Hi Laura (again…so soon!).  Finished this a couple of days ago. It really surprised me.  Despite being charmed and amused by Sheridan’s outrageousness, I was also VERY irritated by both him AND Olympia in the first few chapters; so much so, that I couldn’t believe they were ever going to fit together, convincingly! Well, I changed my mind. And I am one of your readers who doesn’t need or want an epilogue. I think it finished in the perfect place. 

You are a stunning writer - where does this stuff come from? (Rhetorical! - you don’t need to answer. But each one of your books is SO different from the others - I have to keep asking.)  From about half way through the book it began to dawn on me, that Sheridan was a victim of PTSD (post traumatic stress disorder - does it have the same name in USA?) and the gradual revealing of his condition was, in my opinion, fantastically well done. I REALLY LOVE YOUR WORK. (Laura, I hope you don’t mind me saying: there’s only one book out of the ten I have so far read, with which I have any real reservations - and I’m going to re-read it to see how I feel second time around. (Uncertain Magic, as you’re asking.))

STF, TSATS and Shadowheart have all moved me, deeply - but STF is the only to have actually caused me to weep real, painful tears - even before I got to the end.  I think your insights into the human condition are akin to those of a therapist.  Maybe that’s a quality shared by all great writers. Wonderful work. Thank you seems inadequate. If I were near you, I’m afraid I might have to touch your arm or something.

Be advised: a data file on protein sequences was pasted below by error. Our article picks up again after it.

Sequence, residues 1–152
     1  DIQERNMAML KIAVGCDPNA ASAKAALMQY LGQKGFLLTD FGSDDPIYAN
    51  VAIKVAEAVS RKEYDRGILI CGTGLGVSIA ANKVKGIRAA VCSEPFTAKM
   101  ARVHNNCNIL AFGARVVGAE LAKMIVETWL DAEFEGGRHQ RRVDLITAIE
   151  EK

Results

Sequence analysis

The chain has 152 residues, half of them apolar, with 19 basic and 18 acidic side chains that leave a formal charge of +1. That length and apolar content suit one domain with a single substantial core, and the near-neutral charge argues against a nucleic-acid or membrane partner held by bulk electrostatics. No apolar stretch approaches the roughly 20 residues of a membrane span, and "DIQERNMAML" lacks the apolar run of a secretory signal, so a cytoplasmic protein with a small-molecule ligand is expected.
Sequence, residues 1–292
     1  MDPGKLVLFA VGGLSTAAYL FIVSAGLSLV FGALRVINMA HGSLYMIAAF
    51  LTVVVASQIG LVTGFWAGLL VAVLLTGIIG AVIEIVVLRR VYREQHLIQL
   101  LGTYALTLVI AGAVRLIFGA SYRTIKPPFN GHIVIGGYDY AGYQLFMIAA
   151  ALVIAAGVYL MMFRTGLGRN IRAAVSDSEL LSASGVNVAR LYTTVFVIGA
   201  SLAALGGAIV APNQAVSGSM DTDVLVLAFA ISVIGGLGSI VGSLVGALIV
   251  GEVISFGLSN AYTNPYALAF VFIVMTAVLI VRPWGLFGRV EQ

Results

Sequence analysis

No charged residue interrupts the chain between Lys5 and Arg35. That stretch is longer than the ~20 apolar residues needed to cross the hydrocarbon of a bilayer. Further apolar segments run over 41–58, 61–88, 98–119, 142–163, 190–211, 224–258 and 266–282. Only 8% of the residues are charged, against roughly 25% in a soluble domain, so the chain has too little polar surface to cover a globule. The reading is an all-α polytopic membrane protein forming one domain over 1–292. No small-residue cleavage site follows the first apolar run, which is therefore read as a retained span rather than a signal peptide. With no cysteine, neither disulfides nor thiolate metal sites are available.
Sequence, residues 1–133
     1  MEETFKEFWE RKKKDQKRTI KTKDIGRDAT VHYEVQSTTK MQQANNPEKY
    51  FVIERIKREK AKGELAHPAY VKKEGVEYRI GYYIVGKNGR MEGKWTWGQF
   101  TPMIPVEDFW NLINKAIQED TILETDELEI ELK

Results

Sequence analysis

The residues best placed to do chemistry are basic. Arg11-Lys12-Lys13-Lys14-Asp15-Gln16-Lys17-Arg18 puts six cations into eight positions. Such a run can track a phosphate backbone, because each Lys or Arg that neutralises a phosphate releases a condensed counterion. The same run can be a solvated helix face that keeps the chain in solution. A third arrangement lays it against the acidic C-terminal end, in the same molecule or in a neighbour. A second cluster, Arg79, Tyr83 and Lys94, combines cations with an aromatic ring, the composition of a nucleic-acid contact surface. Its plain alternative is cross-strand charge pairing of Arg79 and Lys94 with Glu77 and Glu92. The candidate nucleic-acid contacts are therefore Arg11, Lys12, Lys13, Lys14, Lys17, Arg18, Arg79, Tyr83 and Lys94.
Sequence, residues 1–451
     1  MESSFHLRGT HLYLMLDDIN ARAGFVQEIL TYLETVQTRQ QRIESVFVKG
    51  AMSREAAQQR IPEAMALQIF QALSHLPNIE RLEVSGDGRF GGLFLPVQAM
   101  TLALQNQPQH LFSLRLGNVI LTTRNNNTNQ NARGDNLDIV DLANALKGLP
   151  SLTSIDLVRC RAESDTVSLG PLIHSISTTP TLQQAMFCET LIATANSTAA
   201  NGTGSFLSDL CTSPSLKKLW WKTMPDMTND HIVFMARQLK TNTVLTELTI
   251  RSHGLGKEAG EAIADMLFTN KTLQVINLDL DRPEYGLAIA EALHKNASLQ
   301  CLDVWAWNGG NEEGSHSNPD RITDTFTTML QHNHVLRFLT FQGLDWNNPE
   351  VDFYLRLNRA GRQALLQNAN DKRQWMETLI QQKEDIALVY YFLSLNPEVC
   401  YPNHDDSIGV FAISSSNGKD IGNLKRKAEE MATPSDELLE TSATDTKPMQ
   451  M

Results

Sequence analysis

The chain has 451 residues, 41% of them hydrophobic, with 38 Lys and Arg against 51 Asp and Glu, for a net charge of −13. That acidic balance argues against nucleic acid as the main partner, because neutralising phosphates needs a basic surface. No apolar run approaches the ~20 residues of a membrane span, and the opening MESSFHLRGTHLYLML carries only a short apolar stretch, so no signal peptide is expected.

Love Viv

P.S. I seem to harp on about the angst in your novels because that’s what really *GETS* me - but I really appreciate how multifaceted your writing is. You make me laugh too!

[24] Posted by laura kinsale on 11.16.2010

LOL, I’m re-reading STF right now while copy-editing the digital version for re-release, and I have to admit I find the two of them rather irritating myself in some places.  It’s interesting to go back to a book after so long; it’s as if someone else wrote it and I can sure see the flaws!

But seeing as you seem to think they redeem themselves, I’ll get back to work on it. ;)

[25] Posted by Viv aka Vixenbib on 11.16.2010

Wow! and possibly, Oops!

Laura, I know you’re (half) joking - but I’m really NOT trying to suggest that you should have done anything differently with Sheridan and Her Highness; I wouldn’t want them to be anyone but themselves.

What is so amazing for me about this particular book is that I grew, from being irritated, to REALLY caring about and liking them both. And that is absolutely a testimony to the quality of your writing. 

Wow! again. You’re re-reading it RIGHT NOW?!

[26] Posted by Viv aka Vixen! on 11.16.2010

Just for clarification - I usually post as “Vixen”, not in fact Vixenbib, as I wrote in my last two posts! I’m confusing myself with all these pseudonyms! Not sure what the point is, really…

[27] Posted by eKathy on 12.28.2010

Just dropping in. I accidentally clicked on remove me from further notifications and I REALLY did not want to do that. I like it when these messages randomly drop into my inbox and I am reminded again of how much I love all these books.

[28] Posted by Chris on 02.08.2011